Stitches in Time

A mother’s miracles with needle and thread

By Kate Goodrich

When I was very small, my mother worked small miracles in cloth and wool. Tiny clothes, too small for me, she fashioned for my doll. The very sweetest, my favorite by far, was a pale yellow sweater, with each of its little pearly buttons in the shape of a bunny. These treasures just appeared: I never saw the knitting and purling, the cutting and stitching, the post-bedtime hours and all the love that went into creations such as that lump of yellow wool no bigger than her hand.

Much later, I tried my own hand at knitting under her guidance. But my “scarf” came to a desultory halt at 6 inches in length, the needles jammed into immobility by the intensity of my efforts. I never took up needles again but marveled as off the ends of hers spun such intricate patterns as the curved heel of an argyle sock.

No project was too small — or too large — for this seamstress extraordinaire. She did not hesitate to tackle reupholstering a couch or fashioning a set of lined floor-to-ceiling drapes for our dining room. To most every piece of clothing she made for us, she set her unique signature — a creative trim or appliqué or fringe plucked out by deft hands.

But there is one creation of hers, indelible in my memory, that also carries a great burden of guilt. On a Saturday expedition to an old fabric emporium in a run-down section of Philadelphia — where normally we would never have ventured without my father — my mother patiently endured my rejection of one bolt of cloth after another as she roamed the store’s dusty, claustrophobic aisles hoping that her next suggestion would prove to be The One. The ivory brocade we finally selected was so lovely that I almost wished I were getting married instead of merely singing in the high school chorale affair.

Having resurrected five yards of the stuff from its dusty sepulchre, my mother proceeded to construct a wonder that Cinderella’s fairy godmother would have envied: The shimmering ivory brocade was slowly transformed into a floor-length sleeveless gown with a wide, rose-colored moiré sash. My pleasure and anticipation grew each time I stood for another fitting and stroked the gown’s folds, feeling like that glass-shod princess. And like the fairytale heroine, I wore my lovely dress only once. It grieves me to say that a case of nerves during the evening’s big performance caused me to sweat profusely. The dress was stained beyond repair.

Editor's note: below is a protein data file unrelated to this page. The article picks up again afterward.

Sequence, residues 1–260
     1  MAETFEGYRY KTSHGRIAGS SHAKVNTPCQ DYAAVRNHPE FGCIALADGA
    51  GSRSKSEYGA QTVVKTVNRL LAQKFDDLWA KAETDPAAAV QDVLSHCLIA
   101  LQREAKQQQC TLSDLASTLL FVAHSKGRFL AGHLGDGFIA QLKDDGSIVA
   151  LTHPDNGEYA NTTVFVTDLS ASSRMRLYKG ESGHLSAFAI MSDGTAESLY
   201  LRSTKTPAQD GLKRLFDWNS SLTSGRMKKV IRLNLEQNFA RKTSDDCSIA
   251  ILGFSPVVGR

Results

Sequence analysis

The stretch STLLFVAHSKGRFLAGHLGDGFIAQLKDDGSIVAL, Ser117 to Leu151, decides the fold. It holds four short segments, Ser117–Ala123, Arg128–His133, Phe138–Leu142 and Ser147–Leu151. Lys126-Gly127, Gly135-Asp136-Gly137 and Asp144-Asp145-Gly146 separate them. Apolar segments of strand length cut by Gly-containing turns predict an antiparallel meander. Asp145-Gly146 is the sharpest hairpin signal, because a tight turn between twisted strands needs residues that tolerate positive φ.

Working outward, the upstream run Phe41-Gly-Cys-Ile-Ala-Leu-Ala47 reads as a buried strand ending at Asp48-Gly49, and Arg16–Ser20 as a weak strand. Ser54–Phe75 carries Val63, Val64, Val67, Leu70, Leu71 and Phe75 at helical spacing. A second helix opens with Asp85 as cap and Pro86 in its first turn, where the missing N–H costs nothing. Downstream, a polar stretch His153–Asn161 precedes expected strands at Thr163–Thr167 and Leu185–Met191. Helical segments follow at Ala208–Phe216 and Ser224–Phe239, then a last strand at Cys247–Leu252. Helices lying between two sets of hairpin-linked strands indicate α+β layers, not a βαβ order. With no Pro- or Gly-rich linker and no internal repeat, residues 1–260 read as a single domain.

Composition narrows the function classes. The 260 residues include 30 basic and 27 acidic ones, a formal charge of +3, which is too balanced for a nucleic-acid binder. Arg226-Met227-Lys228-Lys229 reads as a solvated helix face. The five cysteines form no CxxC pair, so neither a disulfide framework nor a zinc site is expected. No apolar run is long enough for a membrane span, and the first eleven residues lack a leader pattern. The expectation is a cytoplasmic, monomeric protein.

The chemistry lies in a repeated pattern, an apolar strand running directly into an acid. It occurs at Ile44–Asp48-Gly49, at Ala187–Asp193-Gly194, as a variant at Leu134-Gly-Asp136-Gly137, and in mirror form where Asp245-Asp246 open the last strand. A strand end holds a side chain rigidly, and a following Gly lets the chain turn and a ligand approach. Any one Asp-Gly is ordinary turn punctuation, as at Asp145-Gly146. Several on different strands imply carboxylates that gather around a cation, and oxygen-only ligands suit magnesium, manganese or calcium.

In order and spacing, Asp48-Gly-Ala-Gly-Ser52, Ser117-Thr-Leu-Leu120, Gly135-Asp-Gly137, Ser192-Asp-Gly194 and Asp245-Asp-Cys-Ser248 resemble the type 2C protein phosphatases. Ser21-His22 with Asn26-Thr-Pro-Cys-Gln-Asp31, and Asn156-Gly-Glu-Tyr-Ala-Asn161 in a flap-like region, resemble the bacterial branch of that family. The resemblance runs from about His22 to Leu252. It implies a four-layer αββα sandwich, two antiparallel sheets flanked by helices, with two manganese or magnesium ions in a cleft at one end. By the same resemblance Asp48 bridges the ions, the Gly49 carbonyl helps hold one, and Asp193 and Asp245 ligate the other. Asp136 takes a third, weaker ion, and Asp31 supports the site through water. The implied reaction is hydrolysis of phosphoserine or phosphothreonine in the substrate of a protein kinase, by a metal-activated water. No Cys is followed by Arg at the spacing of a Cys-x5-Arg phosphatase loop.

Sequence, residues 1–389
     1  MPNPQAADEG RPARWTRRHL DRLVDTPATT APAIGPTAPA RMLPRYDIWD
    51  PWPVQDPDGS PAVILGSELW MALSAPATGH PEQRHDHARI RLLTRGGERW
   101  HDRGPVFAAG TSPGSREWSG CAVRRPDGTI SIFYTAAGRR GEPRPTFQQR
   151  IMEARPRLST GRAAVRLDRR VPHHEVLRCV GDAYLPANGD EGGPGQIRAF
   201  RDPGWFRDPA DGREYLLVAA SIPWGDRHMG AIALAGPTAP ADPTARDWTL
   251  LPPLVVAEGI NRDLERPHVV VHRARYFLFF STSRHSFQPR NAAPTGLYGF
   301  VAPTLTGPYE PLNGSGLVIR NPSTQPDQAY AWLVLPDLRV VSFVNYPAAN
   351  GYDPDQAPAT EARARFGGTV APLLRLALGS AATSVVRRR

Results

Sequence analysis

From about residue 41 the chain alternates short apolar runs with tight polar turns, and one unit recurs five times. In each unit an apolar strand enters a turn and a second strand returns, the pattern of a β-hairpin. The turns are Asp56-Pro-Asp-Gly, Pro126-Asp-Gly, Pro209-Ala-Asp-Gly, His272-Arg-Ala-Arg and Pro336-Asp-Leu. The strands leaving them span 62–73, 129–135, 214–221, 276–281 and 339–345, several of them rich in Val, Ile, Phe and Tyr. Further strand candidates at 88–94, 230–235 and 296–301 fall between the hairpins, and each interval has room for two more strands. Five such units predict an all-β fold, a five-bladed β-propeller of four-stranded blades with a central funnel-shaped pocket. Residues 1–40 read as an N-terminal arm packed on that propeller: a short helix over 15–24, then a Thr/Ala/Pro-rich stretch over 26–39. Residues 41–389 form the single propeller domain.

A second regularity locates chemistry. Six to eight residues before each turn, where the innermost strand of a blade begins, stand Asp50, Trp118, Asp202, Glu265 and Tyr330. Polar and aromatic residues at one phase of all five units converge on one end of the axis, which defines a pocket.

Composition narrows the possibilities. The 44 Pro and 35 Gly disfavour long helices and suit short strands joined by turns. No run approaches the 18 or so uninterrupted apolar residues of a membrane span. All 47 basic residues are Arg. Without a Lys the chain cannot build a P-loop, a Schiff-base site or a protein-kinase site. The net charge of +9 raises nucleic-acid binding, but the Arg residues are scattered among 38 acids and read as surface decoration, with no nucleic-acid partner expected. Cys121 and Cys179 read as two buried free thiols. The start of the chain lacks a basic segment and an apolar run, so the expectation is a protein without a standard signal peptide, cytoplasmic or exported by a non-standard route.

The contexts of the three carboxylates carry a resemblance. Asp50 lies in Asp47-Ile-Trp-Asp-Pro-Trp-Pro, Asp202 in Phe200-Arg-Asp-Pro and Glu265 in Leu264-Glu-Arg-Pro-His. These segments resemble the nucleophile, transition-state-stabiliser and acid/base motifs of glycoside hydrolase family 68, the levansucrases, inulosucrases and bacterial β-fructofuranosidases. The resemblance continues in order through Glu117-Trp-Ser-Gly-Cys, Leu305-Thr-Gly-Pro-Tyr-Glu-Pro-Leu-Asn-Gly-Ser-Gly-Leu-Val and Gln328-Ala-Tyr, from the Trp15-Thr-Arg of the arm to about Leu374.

I didn’t know then that, over a lifetime, “favorite” clothes flow in and out of a woman’s closet like money in the bank: I figured this would be my favorite dress forever. I thought only with guilt and deep regret of the dozens of hours and zillions of stitches my mother had invested to make — what? Make a dress? Not really.

Like the new drapes and the transformed couch — and the yellow sweater with bunny buttons — the dress, as an object of beauty, was ephemeral. But as an act of love, it is permanent. For my mother’s only desire was to make her eldest daughter happy and, for one special evening at least, to feel very beautiful and grown up.

So, thanks Mom. I haven’t forgotten. Never will.  OH

After living and working in Boston for more than 40 years, Kate Goodrich retired to Wilmington in 2013 to be near the beach, where she can be found most seasons in a chair engrossed in a good book.

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